Remarks by Angel Gurría
Paris, France, 28 November 2016
(As prepared for delivery)
Ladies and Gentlemen,
On the face of it, the numbers and stories from today’s Economic Outlook may look all too familiar. World growth is still stumbling along at around 3%, trade growth is slower still, and inflation remains below target in most OECD economies, despite central bank policy rates remaining near or even below zero. Most of the signs of the low-growth trap that we have been talking about for a long time now are still there.
In fact, however, there is reason to hope that the global economy may be at a point of inflection.
We have for some time been arguing for countries to make more active use of the fiscal levers to escape the low-growth trap. Encouragingly, this is what policymakers are now beginning to do, leading to fiscal expansion in a number of large economies. This is an important factor leading us to project an upturn in global growth over the next two years.
Fiscal stimulus projected in the United States and China, together with an easing of consolidation efforts in Europe, accounts for most of the difference between the 2.9% global GDP growth forecast for 2016 and the 3.6% projected in 2018. There is now some prospect of the world exiting from the low-growth trap.
In our view, however, the actions and proposals we have seen so far are not enough. A number of other countries have scope to make more active use of fiscal policy. Low interest rates have opened a window of opportunity by reducing governments’ debt service costs and increasing so-called “fiscal space”. It is a window that may not remain open for long, so the opportunity should be seized.
As the Economic Outlook explains, a “fiscal initiative” of ½ per cent of GDP could be financed for several years in most countries without increasing the debt-to-GDP ratio in the medium term. Doing this together with structural reforms and doing it collectively rather than only in a few individual countries would magnify the gains. The case for undertaking such an initiative does not apply to every country, and some are already doing enough, but in several countries – notably in Europe – current plans are too timid.
This is not a blank cheque. If Othello “loved not wisely but too well”, we worry that some governments may do much the same with fiscal action. The OECD is calling for spending to be focussed on areas that boost growth, like high-quality infrastructure investment, education and skills. It should also be targeted to make growth more inclusive.
Unfortunately, the experience of recent years in too many countries is that public investment has been slashed, while the share of spending on education has fallen. We must hope that lessons have been learned from this unhappy experience.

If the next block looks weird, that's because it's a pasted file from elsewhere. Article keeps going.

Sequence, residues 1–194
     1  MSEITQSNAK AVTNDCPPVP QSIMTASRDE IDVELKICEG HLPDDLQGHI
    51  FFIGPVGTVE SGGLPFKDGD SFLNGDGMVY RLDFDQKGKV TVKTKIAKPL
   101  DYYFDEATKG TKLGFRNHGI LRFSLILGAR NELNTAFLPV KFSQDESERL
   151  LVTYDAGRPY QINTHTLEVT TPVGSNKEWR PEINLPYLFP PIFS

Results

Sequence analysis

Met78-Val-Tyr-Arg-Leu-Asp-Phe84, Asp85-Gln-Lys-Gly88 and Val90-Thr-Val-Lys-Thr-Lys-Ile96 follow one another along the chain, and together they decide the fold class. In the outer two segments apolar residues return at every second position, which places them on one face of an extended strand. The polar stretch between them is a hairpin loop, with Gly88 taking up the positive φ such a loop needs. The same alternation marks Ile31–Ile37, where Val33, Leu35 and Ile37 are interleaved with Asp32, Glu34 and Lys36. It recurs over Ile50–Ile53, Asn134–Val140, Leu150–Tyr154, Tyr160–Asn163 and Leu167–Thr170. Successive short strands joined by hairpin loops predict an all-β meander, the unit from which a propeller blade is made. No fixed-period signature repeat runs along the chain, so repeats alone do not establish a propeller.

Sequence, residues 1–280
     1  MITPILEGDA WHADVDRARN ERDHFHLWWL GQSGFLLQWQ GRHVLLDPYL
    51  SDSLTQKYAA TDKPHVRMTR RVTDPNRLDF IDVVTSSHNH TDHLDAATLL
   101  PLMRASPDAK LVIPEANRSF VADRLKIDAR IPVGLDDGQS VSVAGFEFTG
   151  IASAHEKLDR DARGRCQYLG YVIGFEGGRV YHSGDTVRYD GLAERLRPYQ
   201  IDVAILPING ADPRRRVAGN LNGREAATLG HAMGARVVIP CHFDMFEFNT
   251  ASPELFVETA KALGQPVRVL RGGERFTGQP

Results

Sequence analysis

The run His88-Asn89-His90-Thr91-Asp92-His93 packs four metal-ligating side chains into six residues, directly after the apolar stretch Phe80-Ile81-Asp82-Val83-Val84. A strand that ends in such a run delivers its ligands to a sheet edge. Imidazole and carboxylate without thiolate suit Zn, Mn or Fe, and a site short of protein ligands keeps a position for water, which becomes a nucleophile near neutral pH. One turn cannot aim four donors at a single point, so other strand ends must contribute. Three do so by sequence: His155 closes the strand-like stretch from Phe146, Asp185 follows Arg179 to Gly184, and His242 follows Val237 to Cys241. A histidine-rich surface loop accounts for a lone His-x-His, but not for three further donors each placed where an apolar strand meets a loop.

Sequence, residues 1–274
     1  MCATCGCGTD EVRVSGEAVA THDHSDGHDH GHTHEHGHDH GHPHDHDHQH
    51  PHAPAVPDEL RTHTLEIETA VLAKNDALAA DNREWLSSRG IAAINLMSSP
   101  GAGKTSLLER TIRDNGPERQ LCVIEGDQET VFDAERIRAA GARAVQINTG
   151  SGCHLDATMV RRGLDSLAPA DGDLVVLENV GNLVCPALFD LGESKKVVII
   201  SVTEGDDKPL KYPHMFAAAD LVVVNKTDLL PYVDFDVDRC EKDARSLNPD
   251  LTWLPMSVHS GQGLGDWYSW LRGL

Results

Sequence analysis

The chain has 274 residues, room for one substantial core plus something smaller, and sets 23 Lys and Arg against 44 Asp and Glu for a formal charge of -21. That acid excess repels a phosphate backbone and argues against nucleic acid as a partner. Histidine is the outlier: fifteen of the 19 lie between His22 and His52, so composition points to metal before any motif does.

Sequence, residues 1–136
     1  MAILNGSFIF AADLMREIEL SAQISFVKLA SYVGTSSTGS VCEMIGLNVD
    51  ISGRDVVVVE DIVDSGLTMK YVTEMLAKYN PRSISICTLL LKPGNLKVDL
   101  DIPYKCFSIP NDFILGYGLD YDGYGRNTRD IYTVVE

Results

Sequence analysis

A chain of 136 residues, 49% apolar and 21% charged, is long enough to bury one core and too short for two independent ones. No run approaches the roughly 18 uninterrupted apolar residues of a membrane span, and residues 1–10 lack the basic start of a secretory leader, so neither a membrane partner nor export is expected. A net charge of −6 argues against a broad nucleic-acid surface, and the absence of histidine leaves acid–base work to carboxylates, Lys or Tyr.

If wise and effective fiscal initiatives are what we think governments should be doing, there are also pitfalls that we believe need to be avoided.
After the financial crisis and its legacy of debt overhangs and sluggish growth, the temptation to use protectionist policies to boost demand for domestic production is high. But world trade growth is already exceptionally weak. In 2016, we expect world trade volumes to expand by less than global GDP for only the third time in the past 30 years. This ebbing of trade intensity weakens competitive pressures and is bad for productivity growth. If countries increasingly resort to protectionism, that trend risks continuing, as other countries retaliate and the overall trade climate worsens. Even if fleeting advantages may be perceived, such a path would not lead to greater prosperity for anyone.
It is undoubtedly true that policies to boost openness and reduce trade costs are not sufficient on their own to ensure income gains that are shared by all. There are difficult challenges in complementing such policies with measures to cushion the shock for those who lose out – this means strong social safety nets – and help them to transition to other good jobs – this means, among other things, policies to facilitate mobility and adequate support for training and education of displaced workers. But it is better by far to take up those challenges than to look for easy solutions in raising barriers to imports.
With 340 million jobs in major advanced and emerging economies depending on trade, we can’t afford to get this wrong.
Ladies and gentlemen, the message of this Economic Outlook is that if policy makers can avoid the pitfalls of protectionism and seize the opportunity for collective fiscal action offered by still very low interest rates, combined with high-priority structural reforms, then the global economy can at last escape from the low-growth trap. That would indeed be a vindication of the OECD’s motto: better policies for better lives.
I now hand the floor to my chief economist, Catherine Mann, who will share with you some of the details from the report.